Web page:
September/October 2011

As the academic year gears up (this year, in fits and starts thanks to the path of Hurricane Irene), I am immersed in the cliché-ridden language of over-used sports metaphors. Sports seem to naturally creep into our vocabulary as we try to focus our students on things like winning, success, and persistence. We say things like “Get back in the saddle,” or “It’s the bottom of the ninth,” or “It’s only the first quarter — there’s plenty of time left on the clock.”

Here at Seton Hall, we have a new initiative — Academic Coaching — for students who are struggling or lacking confidence. Working with our new “coaches” has thrown me in to the ring, so to speak. It was boxing’s “Greatest” Muhammad Ali who reminded us that success only comes to those who work. “I hated every minute of training, but I said, ‘Don’t quit. Suffer now and live the rest of your life as a champion.’” It worked.

I’m no hockey fan, but Wayne Gretsky’s explanation of greatness is easily translated into a metaphor for academic success. “A good hockey player plays where the puck is. A great hockey player plays where the puck is going to be.” Surely, great students anticipate and infer where the professor is taking them and find ways to get there at the front of the class.

Olympic runner Jesse Owens, whose participation in the 1936 Olympic games created an international incident but helped chip away at America’s prejudices, observed about his sport, “A lifetime of training for just ten seconds.” Surely, our students dedicated to careers in nursing, medicine, and other health professions can apply his wisdom to the life and death situations that just could arise in their work. They may never need the knowledge, but they must be prepared.

Football’s Aristotle, the late Green Bay Packer Coach Vince Lombardi, had a lot to say about being a winner and about attitude. “Winning is habit. Unfortunately, so is losing,” he quipped, words of thought for students who get in the habit of doing poorly.

Tennis great Billie Jean King also had words for our students who are beaten down by failure: “Champions keep playing until they get it right.” I regularly remind students that Michael Jordan got cut from his high school basketball team.

And then there’s baseball, my own special love. It’s a sport “where a curve is an optical illusion, a screwball can be a pitch or a person, stealing is legal and you can spit anywhere you like except in the umpire’s eye or on the ball,” to quote journalist James Patrick Murray. I love baseball because, aside from its beauty, it is a metaphor for life. It’s a sport where athletes who fail 70 percent of the time make the Hall of Fame; it’s a sport that has a lot of tedium and routine, punctuated by moments of breathtaking splendor; it’s a sport where the athletes look like the kid next door and the manager dresses up in a uniform that never gets dirty. It’s a sport that gave us the wisdom of Casey Stengel and Yogi Berra. It was Casey who observed the value of humility in sports (and academics): “If we’re going to win the pennant, we’ve got to start thinking we’re not as good as we think we are.” And Yogi, who says he never said half the things he said, tells our procrastinating students who are unable to plan ahead, “If you don’t know where you are going, you might wind up someplace else.”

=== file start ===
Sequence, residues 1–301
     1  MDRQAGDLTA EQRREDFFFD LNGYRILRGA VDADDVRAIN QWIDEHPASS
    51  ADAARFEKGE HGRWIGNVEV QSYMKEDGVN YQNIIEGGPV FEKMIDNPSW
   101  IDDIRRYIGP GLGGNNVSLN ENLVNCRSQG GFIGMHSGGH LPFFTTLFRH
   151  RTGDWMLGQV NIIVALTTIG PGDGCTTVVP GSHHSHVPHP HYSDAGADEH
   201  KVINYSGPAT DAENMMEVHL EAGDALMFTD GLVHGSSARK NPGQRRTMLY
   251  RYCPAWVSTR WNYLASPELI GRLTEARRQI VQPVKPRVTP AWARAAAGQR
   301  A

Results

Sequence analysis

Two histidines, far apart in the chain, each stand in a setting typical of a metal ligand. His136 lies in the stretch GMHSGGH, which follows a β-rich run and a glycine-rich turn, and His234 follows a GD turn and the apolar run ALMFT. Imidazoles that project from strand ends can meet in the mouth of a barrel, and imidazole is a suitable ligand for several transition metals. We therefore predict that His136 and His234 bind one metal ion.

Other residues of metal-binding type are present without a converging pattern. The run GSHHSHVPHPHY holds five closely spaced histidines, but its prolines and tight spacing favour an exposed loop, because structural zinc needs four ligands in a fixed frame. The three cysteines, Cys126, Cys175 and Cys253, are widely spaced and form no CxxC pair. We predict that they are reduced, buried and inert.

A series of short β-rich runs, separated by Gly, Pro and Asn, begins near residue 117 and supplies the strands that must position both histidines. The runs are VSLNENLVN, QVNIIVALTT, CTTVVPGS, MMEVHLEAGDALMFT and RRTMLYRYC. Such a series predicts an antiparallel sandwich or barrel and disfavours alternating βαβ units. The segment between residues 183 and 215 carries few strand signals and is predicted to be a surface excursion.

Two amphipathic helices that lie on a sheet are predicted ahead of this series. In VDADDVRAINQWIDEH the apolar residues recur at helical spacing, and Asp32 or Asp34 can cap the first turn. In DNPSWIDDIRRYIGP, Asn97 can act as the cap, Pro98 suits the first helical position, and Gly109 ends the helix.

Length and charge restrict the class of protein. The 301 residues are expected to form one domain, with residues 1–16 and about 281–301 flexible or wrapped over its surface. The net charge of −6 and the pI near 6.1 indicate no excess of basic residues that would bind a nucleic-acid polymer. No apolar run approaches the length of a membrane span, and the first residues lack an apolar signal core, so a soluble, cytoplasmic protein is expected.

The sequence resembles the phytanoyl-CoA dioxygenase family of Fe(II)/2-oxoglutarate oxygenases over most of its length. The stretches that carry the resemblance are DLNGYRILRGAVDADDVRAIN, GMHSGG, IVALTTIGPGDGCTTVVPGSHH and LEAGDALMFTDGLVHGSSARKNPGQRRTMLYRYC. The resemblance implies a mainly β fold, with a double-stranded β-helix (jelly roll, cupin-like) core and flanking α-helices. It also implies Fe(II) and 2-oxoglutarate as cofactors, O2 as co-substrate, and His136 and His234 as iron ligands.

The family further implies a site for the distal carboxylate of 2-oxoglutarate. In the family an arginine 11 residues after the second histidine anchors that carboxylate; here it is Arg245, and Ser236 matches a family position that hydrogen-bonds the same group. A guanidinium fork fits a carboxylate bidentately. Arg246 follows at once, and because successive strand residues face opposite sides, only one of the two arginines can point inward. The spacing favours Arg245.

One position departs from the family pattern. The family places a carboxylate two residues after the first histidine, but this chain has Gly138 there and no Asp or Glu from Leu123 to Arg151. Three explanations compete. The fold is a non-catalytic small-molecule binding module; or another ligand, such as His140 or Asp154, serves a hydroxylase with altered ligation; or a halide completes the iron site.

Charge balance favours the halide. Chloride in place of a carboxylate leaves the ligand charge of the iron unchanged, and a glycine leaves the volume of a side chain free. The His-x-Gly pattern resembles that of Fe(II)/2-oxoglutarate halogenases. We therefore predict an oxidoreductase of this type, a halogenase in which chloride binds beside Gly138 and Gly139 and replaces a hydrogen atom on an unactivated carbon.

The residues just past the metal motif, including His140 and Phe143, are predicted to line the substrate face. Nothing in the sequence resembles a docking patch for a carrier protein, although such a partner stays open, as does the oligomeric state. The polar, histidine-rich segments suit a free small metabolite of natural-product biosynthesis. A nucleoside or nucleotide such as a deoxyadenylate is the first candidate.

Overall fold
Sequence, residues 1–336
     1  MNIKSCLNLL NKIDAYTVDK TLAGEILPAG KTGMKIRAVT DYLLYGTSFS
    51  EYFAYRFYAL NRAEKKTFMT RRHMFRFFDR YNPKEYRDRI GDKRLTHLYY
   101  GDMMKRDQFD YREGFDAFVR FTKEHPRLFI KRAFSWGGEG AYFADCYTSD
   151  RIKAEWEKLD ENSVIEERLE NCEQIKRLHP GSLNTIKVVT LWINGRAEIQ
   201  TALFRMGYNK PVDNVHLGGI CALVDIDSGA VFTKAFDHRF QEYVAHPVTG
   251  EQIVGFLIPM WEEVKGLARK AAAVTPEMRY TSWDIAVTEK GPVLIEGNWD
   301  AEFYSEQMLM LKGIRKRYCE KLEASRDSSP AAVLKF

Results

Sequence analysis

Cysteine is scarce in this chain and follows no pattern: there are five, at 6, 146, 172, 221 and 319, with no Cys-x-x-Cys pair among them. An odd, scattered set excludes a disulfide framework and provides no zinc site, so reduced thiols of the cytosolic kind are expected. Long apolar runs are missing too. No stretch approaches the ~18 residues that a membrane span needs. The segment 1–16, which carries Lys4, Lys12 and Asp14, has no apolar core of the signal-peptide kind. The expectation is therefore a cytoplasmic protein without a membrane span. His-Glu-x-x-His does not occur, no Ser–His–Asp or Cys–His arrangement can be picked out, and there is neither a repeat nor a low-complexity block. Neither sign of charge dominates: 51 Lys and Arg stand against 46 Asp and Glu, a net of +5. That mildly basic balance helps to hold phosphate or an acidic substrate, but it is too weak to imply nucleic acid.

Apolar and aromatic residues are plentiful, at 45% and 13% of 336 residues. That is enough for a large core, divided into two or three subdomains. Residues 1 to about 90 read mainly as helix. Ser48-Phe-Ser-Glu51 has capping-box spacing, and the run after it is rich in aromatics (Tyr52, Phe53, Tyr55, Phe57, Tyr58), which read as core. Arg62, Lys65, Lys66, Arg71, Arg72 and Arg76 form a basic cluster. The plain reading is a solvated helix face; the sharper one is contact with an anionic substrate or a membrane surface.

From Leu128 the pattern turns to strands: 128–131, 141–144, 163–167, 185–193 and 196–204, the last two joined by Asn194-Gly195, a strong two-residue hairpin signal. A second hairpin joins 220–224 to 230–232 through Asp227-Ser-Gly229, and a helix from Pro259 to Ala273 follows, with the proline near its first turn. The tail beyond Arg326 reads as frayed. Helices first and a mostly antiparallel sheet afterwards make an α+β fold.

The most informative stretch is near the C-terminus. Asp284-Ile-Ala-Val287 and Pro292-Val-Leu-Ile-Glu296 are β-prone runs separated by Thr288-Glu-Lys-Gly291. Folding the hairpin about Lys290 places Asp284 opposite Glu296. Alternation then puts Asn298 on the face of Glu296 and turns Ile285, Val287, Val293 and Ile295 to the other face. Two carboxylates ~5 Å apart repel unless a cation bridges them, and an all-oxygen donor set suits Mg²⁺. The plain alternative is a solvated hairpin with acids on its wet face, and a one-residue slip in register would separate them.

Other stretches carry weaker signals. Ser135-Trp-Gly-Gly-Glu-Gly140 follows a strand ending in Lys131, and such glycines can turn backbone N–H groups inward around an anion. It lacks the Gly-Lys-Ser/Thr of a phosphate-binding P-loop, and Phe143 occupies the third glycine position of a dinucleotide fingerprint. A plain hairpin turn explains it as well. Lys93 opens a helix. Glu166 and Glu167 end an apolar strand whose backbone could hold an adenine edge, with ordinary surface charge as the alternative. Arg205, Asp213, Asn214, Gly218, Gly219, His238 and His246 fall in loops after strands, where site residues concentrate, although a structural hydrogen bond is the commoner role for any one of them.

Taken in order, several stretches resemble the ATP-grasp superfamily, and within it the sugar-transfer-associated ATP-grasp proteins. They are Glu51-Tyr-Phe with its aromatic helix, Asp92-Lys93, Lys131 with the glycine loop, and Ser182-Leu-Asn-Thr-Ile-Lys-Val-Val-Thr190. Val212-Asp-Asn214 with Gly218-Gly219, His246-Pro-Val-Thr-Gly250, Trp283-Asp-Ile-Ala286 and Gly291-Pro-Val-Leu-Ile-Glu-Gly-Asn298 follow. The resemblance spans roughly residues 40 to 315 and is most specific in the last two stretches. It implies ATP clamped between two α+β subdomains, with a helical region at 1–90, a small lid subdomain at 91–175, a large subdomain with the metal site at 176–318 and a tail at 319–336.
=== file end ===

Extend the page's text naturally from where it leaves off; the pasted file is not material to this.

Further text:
Baseball legend Hank Aaron’s advice works for students who have struggled with a poor test grade or a failed course: “My motto was always to keep swinging. Whether I was in a slump or feeling badly or having trouble off the field, the only thing to do was keep swinging.”

Here at Seton Hall, former baseball coach Mike Sheppard, also a retired professor in our College of Education and Human Services and now one of our new academic coaches, reminds all students, not just the players, “Never lose your hustle.”

Our own Freshman Studies Associate Dean, Robin Cunningham, herself such an outstanding athlete that her jersey hangs from the rafters in Walsh Gym, works with our summer bridge program, the Seton Summer Scholars, to provide an extra boost of studying and academic preparation before classes begin. She adopted the motto, “It’s not where you start, it’s where you finish” to inspire her students.

Through our newest initiative from our Academic Success Center in Mooney Hall, we have mandated academic coaches for students on probation and we are offering the service to other students who are tentative about their work habits and time management. The concept applies the techniques of one-on-one athletic coaching to the academic arena. Seton Hall employees volunteered to go through two days of training to provide our students with a free service that parents could pay up to $60 an hour for privately.

I was working one-on-one with a student the other day to help him plan for a better semester than the one he had just completed. We talked about course options, we strategized about time management and I gave him some advice about communicating with professors. “Gee, I get the feeling Seton Hall really wants me to be successful,” he said as he was leaving. I told him to go hit one out of the park.

Students interested in working with a coach this semester may visit the Academic Success Center in Mooney Hall, Room 11, or call (973) 275-2387 for an appointment.

~Tracy Gottlieb, Ph.D.

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One Response to September/October 2011

  1. Ed Finger says:

    As a parent of a Seton Hall student, I’m happy to know the university supports their students and makes the effort to help those struggling. I’ve had the sense that the university community treats people as individuals and cares about their success. Most people at some time need a little coaching–keep-up the great work. There likely is a Michael Jordan amoung the struggling students that will blossom into a who knows what.

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